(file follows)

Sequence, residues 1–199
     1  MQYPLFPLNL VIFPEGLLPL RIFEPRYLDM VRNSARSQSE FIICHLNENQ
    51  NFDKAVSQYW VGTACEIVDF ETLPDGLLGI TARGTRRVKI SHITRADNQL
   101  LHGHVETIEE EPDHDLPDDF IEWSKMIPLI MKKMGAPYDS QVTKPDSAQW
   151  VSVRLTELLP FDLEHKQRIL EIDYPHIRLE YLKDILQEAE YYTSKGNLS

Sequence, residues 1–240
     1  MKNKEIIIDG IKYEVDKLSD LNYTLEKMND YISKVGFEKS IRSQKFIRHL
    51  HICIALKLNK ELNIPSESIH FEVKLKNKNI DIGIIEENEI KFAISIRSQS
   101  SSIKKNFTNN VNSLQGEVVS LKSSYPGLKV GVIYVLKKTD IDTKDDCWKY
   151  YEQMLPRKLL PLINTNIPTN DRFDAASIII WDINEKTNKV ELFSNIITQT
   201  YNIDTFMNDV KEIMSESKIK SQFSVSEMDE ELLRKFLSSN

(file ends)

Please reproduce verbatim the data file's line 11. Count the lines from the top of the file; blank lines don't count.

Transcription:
   201  YNIDTFMNDV KEIMSESKIK SQFSVSEMDE ELLRKFLSSN